Friday, December 20, 2013

Thoughts from the 2013 Conference for Community Arts Education: Lindsey Buller Maliekel

Earlier this month, we presented the first entry in a series of reflections from our staff members on their experiences at the 76th Annual National Guild Conference for Community Arts Education. First we shared a reflection from one of our Teaching Artists, WT McRae, who touched on many of the workshops and sessions that resonated specifically for him as an educator and instructor.

Today we have feedback from Lindsey Buller Maliekel, the New Victory's Director of Education/Public Engagement, who speaks to some of the larger themes and philosophies being discussed by the community. Here's what she had to say about the experience:

Courtney J. Boddie: What excited you about the conference?

Lindsey Buller Maliekel: I loved getting to spend quality time with our colleagues from around the country who also work with large groups of Teaching Artists. The conversations that we had as part of the Teaching Artist Track with Eric Booth made me feel that the nation as a whole is starting to understand the amazing resource we have in these groups of highly trained, inventive and collaborative artists. Our Teaching Artists are the heartbeat (and brainwaves) of our award-winning Education program. It is their ideas that enliven our work with students, teachers and families. As I spoke with our national colleagues about the programs they are running and the ways they are utilizing their teaching artists, I became aware of a real movement afoot to raise the profile of teaching artists and the work they do and I am excited to be a part of it.

We were challenged by two of the National Guild award winners, Dennie Palmer Wolf from WolfBrown and Shirley Brice Heath from Stanford University to re-frame how we think about assessing the arts' impact on young people, away from test scores and toward assessing how the arts affect people. The New Victory has recently launched a new program where we will be looking at the impact of the performing arts on kids. Both of their speeches excited me. I can't wait to begin answering their challenge!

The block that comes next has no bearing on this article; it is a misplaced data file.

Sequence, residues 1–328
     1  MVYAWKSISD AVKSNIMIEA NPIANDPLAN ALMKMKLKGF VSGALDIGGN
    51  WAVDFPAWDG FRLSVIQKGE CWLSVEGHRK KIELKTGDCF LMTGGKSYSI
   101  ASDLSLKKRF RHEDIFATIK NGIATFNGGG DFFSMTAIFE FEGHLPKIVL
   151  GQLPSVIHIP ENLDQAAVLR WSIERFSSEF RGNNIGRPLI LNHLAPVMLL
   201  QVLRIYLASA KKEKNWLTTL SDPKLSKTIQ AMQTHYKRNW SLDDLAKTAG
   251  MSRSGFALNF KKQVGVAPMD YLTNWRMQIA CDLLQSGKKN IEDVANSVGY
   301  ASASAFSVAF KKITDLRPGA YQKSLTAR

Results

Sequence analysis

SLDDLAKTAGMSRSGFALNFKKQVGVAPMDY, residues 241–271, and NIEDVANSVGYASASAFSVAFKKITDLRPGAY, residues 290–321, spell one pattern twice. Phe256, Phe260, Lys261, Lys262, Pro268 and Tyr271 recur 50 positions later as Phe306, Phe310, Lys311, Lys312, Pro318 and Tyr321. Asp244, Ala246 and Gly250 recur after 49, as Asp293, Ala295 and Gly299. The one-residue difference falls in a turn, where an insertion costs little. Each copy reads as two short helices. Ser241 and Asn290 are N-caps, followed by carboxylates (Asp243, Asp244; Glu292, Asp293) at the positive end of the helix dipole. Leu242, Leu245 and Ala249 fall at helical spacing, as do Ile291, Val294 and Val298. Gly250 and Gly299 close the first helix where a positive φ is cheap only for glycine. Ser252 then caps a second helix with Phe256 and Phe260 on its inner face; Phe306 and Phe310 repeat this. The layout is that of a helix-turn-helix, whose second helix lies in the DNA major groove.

CJB: What was inspiring to you?

LBM: I was inspired by the student performers we saw. Every day young artists from around Chicago came to perform at the conference, and I found their commitment and enthusiasm completely infectious. It simultaneously made me think of my own high school choir days (and night and weekends) and the young people we work with here in New York City. Several of the performances brought tears to my eyes. Watching the focus and joy that performing so clearly brought to these young people inspired me immensely.

CJB: What tools, strategies, methods could you immediately apply to your work?

LBM: A visual arts organization, Marwen, in Chicago is doing some really interesting work around mentorship of their young participants and their Teaching Artists. I am excited to use some of their strategies in our Usher Corps program and with our Teaching Artist ensemble. They have some great ways of keeping in touch with their former youth participants once they go off to college (also helping to support them to stay in college!) that we are hoping to be able to adapt and use with our own young people.

CJB: What were some take aways for you?

LBM: This was the largest National Guild conference ever - which tells me that the field is growing, and that people are very interested in sharing their work and learning about best practices. I am also taking away that a lot of really great things are happening in Chicago!

CJB: What questions came up for you and/or are you still asking now after the conference?

LBM: The keynote was done by Don Marinelli - his work (mentioned in WT's responses as well) about the online world and the intersection with the arts was incredibly provocative. I still have a lot of questions about his work and how the world of digital gaming intersects with the work we do here at The New Victory Theater. We started a program called TXT Marks the Spot several years ago that combines a scavenger hunt, texting, and fun arts activities, but his speech made me wonder what the next possibility would be. How can the behaviors present in the online world be brought into the world of the performing arts?

Watch videos from this year's conference, featuring panel discussions and keynote speakers, here.


Courtney J. Boddie
Courtney J. Boddie, Director of Education/School Engagement, is responsible for the direction and growth of the New Vic Education Partnership program: Education Performances for New York City schools, Classroom Workshops, Teacher Resource guides and professional development. She also supervises the New Vic Teaching Artists. She is a Board member of the NYC Arts-in-Education Roundtable and co-chairs the TA Affairs Committee. She is on the adjunct faculty for the Educational Theatre Graduate Program at New York University, where she also graduated with a Masters in Educational Theatre.

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